There may be no better time than now to be looking towards the Internet if you are looking to conduct a survey. With the availability of online survey tools at your disposal, a lot of valuable information can be easily obtained for smaller businesses through the use of surveys. Some popular services include SurveyMonkey and Zoomerang, as well as a handful of others. We’ve seen a few of these surveys done before so we put together a few tips to help you design a professional survey. If you’re going to be putting the time into creating the survey then spend the extra time to ensure it is done right.
- Know your capabilities – First and foremost, I’ll caution that there is a science behind market research and when you see examples of ‘market research gone bad,’ you’ll agree that bad research can sometimes do more harm than good. When you’re using do-it-yourself (DIY) survey software, it’s important to feel comfortable with the capabilities of your survey writers. Narrow the scope of your survey to a single topic if need be or use these tools strictly for short internal employee feedback surveys, not mass scale surveys where you will use the data to make major business decisions. If you’re going to be targeting a huge audience or unsure of the questions you need to ask, you are better off saving your time and money by consulting with a market research firm.
- Check your question wording – Oftentimes when someone is writing their own survey, they will have an objective in mind or even a strong belief about the survey topic. This will cause them to unintentionally bias the data based on question wording. An extreme example would be a question like this: Do you agree with everybody else that my business is the best around? Other things to watch out for are double-barreled questions and overstating a condition. See our blog post here for examples.
- Check the question responses – One of the first things you learn in Market Research 101 is mutually exclusive and collectively exhaustive (MECE), but it is also one of the most common mistakes among survey design amateurs. The basic idea for mutually exclusive is that you don’t want question response categories to overlap (18 to 25, 25 to 29 – someone that is 25 will fall into both of these categories). And for collective exhaustive, you want ALL possible response categories to be covered. If all categories can’t be covered/thought of, a common practice is to add an ‘Other’ category, and have the respondent specify their answer.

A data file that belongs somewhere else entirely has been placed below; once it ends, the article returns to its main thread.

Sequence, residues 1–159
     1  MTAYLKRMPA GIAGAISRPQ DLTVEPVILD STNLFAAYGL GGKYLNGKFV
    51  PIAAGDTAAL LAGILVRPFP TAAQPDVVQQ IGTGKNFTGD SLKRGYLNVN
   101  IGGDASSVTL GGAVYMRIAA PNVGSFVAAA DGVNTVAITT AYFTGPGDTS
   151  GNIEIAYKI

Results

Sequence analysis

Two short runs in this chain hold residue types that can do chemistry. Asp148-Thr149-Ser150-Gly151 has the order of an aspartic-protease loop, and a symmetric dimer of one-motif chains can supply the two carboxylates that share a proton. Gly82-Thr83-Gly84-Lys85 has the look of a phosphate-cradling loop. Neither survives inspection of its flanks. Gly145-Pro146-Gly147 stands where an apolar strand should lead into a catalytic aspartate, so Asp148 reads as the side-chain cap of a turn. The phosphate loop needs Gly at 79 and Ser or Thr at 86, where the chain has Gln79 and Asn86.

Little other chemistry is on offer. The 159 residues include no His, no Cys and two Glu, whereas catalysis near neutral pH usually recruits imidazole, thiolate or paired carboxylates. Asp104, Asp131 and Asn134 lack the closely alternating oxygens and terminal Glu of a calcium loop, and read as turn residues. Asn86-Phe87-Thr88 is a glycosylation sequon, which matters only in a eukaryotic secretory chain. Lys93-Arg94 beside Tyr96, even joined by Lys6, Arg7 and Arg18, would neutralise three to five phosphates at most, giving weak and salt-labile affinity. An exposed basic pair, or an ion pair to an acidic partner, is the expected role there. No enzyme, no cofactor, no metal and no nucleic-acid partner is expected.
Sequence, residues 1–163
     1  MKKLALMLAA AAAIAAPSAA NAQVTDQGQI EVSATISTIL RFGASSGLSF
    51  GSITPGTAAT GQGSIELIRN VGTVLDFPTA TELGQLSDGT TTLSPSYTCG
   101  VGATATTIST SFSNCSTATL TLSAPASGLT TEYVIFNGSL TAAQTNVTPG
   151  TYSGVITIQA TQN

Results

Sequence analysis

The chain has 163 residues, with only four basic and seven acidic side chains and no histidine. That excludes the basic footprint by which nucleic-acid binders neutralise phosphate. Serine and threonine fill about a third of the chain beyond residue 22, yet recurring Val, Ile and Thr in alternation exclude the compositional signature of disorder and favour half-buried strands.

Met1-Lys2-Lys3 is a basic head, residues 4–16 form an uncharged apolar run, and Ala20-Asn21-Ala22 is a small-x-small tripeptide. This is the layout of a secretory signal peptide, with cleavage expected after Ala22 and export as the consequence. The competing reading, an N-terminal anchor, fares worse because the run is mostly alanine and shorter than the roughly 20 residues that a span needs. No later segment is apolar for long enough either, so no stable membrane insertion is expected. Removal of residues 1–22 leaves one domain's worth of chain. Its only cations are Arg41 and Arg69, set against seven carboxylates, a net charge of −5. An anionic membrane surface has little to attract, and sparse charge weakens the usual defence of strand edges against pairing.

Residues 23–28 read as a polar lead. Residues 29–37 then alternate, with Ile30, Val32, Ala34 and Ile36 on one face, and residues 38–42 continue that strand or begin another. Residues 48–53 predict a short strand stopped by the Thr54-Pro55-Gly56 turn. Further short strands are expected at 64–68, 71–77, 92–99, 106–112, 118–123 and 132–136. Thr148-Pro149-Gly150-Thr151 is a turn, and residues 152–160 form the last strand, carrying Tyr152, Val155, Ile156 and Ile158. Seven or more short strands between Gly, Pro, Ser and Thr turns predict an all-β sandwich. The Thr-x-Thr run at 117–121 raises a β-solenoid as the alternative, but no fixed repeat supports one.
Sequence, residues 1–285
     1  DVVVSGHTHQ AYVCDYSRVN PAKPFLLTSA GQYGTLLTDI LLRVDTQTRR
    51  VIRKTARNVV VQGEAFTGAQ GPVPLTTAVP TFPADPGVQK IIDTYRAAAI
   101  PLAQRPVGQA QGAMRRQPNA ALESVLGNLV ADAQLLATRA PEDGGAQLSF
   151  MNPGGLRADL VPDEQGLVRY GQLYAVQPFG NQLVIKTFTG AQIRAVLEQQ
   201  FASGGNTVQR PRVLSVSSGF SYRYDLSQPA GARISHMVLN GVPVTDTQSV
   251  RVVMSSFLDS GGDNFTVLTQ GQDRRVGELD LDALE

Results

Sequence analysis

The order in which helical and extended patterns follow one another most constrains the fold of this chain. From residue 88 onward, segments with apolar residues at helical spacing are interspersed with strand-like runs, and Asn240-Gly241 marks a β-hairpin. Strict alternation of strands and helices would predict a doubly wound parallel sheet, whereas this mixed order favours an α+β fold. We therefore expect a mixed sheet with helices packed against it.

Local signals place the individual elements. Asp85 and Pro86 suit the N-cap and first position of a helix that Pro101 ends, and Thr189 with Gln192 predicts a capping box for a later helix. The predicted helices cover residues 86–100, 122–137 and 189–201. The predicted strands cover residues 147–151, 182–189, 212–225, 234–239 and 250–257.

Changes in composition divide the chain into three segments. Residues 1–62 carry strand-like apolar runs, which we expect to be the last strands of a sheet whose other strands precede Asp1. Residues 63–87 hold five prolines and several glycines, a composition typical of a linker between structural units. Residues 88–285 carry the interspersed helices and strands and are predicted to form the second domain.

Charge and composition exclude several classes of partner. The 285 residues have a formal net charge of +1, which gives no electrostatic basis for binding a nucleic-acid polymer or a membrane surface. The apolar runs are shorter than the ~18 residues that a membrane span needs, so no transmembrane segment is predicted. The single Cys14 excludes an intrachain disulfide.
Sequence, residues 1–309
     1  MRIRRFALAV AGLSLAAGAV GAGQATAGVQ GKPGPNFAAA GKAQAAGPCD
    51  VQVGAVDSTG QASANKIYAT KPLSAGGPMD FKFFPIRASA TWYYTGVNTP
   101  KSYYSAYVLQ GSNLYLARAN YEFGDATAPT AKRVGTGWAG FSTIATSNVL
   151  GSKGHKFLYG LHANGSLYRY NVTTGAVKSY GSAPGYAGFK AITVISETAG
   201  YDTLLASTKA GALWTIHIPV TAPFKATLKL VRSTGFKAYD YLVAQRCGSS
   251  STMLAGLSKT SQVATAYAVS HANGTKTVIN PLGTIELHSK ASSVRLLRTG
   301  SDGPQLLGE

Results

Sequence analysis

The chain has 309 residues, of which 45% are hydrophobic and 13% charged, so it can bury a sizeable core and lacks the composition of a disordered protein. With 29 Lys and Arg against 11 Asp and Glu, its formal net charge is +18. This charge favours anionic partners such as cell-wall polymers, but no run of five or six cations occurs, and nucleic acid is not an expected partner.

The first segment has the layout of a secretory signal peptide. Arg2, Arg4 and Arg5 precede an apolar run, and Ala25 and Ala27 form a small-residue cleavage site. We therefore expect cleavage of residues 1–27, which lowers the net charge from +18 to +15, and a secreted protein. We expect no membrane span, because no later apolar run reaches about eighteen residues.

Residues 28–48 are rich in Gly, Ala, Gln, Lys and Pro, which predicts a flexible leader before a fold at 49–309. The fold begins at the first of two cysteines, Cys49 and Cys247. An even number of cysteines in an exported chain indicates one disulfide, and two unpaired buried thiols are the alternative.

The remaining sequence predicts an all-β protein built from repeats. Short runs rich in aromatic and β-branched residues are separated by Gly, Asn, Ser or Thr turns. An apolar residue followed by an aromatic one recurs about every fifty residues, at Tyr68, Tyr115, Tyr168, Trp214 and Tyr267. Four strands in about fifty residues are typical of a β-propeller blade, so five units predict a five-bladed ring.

- Make sure you select the appropriate question type – A mistake that we’ve seen in surveys before is for single choice questions to be made multiple choice and vice-versa. Selecting the right question type helps contribute to clean and high-quality data. Respondents may click too fast and mistakenly select two different age categories when they are asked for their age if you allow them to!
- Be mindful of the components of a survey project beyond survey design – These tools can make it easy to create a survey script, but even if you avoid all the pitfalls described above, there are a whole host of other considerations beyond that step that need to be handled properly for a survey project to yield accurate and actionable results. Chief among these is sampling. A lot of DIY surveys wind up getting sent out to convenience samples that are probably not representative of the population. A perfect survey instrument is useless (or worse) if the sampling process is flawed. Another major consideration is the analysis and reporting of findings. If you don’t have a firm grounding in basic statistics, you may find it challenging and time-consuming to do any in-depth exploration of what the final numbers mean. You may also find yourself too close to the subject to be completely objective or to see patterns in the data beyond what you went in expecting to see. Finally, if the findings are going to be shared throughout an organization, someone will need to organize and report them in a way that is accessible and easy-to-understand, which can be a good deal more time-consuming than expected. Basically, it’s important to remember that the real work and commitment of resources of survey research start after the survey instrument is created.
If you are unsure of which approach is best for you business, send the Bunker an email by clicking here. We will respond to your question and give you our recommended approach. Research & Marketing Strategies (RMS) is a survey research firm in Upstate NY.
To the last point about how these programs don’t offer help with all aspects of a survey project, an analogy comes to mind:
Imagine if somebody offered a service that made it very easy and affordable to rent an airplane. Just the plane — no pilot or other aircrew. It’s cool to think that you could have an airplane at your disposal, but obviously if you aren’t trained in how to fly it, navigate it, land it, or how to communicate with air traffic control towers, things will not go well once you get off the ground.
Or if you get off the ground…
[…] that’s poorly laid out or routed. This problem has gotten worse with the proliferation of survey software like Survey Monkey, that not only increase the volume of surveys sent, but have also led to more of them being created […]